Update (October 28): Kyoto University plans to replace the Primate Research Institute with a smaller center with the working name Human Behavior Evolution Research Center and terminate two lines of research—language and intelligence, and cognition and learning—Science reports.
After over 50 years of research on primates, the Primate Research Institute at Kyoto University is being disbanded, reports Sankei Shimbum. The research institute, established in 1967, contributed to a large array of internationally recognized studies in primatology across 10 research sections and two different facilities. It is home to a dozen chimpanzees and several dozen monkeys used in studies in fields such as ecology, behavior, cognition, morphology, neuroscience, and biomedicine.
According to Sankei Shimbum, the decision to close the Primate Research Institute (PRI) is to be finalized by the university at the end of October. It is expected that by March 2022, the PRI will be completely dissolved. This follows an allegation by Kyoto University of inappropriate use of center funding by former PRI director Tetsuro Matsuzawa.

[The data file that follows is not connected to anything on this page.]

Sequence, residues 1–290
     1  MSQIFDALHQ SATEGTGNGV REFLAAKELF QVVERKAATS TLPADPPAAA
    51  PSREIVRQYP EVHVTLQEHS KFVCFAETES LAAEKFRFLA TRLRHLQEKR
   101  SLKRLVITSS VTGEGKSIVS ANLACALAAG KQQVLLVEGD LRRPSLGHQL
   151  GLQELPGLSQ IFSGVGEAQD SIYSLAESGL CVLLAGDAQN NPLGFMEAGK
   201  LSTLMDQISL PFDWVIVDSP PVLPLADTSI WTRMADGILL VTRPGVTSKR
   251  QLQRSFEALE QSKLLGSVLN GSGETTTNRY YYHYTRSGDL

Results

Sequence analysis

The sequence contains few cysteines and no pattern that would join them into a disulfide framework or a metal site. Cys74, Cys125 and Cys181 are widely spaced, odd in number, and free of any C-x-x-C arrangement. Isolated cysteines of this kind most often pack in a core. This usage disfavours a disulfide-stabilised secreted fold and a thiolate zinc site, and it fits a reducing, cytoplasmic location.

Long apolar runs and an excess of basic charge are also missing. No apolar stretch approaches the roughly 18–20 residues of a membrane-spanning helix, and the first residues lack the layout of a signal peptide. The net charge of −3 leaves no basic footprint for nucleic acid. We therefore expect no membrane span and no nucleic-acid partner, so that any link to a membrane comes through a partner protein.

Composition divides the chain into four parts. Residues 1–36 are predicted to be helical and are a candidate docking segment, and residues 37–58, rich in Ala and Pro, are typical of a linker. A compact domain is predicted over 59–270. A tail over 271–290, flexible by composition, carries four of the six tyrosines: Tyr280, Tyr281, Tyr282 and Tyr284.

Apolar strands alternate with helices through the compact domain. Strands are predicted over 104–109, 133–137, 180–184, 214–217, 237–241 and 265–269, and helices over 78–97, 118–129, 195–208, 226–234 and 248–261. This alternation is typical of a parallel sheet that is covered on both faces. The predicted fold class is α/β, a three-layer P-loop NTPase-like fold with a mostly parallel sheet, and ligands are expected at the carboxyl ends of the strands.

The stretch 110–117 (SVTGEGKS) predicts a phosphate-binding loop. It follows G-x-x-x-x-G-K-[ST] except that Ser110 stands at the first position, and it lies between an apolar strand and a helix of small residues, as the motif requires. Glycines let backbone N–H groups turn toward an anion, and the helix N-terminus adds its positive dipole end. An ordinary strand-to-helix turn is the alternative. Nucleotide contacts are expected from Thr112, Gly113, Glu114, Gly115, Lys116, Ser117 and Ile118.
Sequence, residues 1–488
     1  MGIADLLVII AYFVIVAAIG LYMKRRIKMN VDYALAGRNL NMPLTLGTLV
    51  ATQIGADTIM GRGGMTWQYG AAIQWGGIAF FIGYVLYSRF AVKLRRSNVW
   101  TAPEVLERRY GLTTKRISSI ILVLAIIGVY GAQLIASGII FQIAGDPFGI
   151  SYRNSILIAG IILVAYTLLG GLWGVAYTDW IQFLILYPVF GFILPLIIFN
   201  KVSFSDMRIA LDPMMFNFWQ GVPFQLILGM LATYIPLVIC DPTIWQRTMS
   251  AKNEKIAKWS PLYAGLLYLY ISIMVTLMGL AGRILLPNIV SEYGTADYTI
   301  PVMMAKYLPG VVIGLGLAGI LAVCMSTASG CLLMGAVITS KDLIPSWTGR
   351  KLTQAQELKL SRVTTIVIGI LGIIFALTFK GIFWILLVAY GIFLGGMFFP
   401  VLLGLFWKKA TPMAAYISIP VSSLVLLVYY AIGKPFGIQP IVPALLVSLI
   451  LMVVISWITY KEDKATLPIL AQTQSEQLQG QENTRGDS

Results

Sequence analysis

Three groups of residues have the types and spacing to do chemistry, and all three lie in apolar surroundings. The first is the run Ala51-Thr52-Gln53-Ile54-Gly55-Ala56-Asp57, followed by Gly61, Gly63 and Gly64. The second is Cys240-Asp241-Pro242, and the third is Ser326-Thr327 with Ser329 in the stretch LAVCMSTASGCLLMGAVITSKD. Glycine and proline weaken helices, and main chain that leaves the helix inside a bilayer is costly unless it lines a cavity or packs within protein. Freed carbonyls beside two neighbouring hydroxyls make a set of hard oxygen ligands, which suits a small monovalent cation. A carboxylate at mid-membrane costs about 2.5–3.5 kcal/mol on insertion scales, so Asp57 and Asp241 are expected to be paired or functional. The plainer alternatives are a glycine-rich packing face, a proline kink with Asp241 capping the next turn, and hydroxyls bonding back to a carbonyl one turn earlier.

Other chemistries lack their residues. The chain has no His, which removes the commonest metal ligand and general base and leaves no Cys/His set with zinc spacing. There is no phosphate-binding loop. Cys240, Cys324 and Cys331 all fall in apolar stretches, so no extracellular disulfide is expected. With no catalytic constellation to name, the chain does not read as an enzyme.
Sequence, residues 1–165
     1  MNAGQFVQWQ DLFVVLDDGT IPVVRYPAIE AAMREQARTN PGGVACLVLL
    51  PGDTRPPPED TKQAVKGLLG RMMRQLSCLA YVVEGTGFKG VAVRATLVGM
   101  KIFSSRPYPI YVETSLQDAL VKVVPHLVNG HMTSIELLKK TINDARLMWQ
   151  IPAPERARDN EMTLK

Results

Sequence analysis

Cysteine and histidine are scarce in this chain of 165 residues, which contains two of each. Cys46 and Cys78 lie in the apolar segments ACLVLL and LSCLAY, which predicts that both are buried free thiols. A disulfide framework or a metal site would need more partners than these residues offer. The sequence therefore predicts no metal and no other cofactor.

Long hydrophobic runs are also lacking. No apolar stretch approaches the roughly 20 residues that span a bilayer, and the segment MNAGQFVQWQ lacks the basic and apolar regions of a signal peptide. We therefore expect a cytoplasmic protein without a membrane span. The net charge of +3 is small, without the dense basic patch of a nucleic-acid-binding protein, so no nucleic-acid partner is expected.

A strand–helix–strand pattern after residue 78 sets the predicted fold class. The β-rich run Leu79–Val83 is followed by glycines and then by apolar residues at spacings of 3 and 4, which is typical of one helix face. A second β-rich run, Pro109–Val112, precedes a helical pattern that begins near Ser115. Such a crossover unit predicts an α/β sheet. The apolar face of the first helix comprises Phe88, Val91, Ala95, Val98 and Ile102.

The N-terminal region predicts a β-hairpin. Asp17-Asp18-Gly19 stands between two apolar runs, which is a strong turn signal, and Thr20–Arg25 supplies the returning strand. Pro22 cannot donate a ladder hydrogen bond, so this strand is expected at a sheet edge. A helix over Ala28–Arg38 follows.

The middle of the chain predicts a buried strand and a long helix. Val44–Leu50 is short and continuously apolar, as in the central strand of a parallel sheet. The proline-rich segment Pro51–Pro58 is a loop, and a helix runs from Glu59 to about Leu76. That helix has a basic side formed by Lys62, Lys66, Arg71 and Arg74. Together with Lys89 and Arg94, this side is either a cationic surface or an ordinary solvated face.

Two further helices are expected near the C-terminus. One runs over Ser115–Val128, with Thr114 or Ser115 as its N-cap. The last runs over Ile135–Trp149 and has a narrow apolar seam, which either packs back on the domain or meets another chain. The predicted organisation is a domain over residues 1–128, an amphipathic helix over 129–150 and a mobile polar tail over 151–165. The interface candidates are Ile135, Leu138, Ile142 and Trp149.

Matsuzawa was fired on November 24, 2020 after an audit found he had mismanaged the funds for chimpanzee habitat construction costs, reports Science. The board of Audit of Japan considered the execution of Matsuzawa’s construction project to be an “unauthorized use” of funds and “inappropriate handling” of contracts, which involved 500 million yen, equivalent to almost $5 million dollars.
Matsuwaza admitted in a statement on his website at the time that “business proceeded inadequately, and improper accounting was pointed out,” though he added he planned to continue consulting with lawyers. Primatologists around the world defended Matsuzawa, such as the University of Oxford’s Dora Biro and the University of St. Andrews’s Cat Hobaiter, who wrote in a joint email to Science that Matsuzawa applied the "highest ethical standards for working with captive apes.”
Matsuzawa, now a visiting researcher at the California Institute of Technology, wrote in his statement last year that despite the funding issues, he hoped the habitat he constructed “will allow the chimpanzees to live in peace” and enable researchers to “further study the evolution of the mind.” He offered “no comments” in an email to Science when asked about PRI’s impending closure.
The 12 chimpanzees at the PRI will continue to be housed there as projects are slowly scaled back ahead of the center’s closure. It is not yet clear if the changes to PRI will affect the Kyoto University’s Wildlife Research Center, which houses more than 50 rescued chimpanzees and six rescued bonobos, according to Science.
University of Michigan primate behavioral ecologist John Mitani writes in an email to Science that “This is a sad and shocking outcome that will have a negative impact on science because PRI is arguably the leading center for the study of primates in the world.”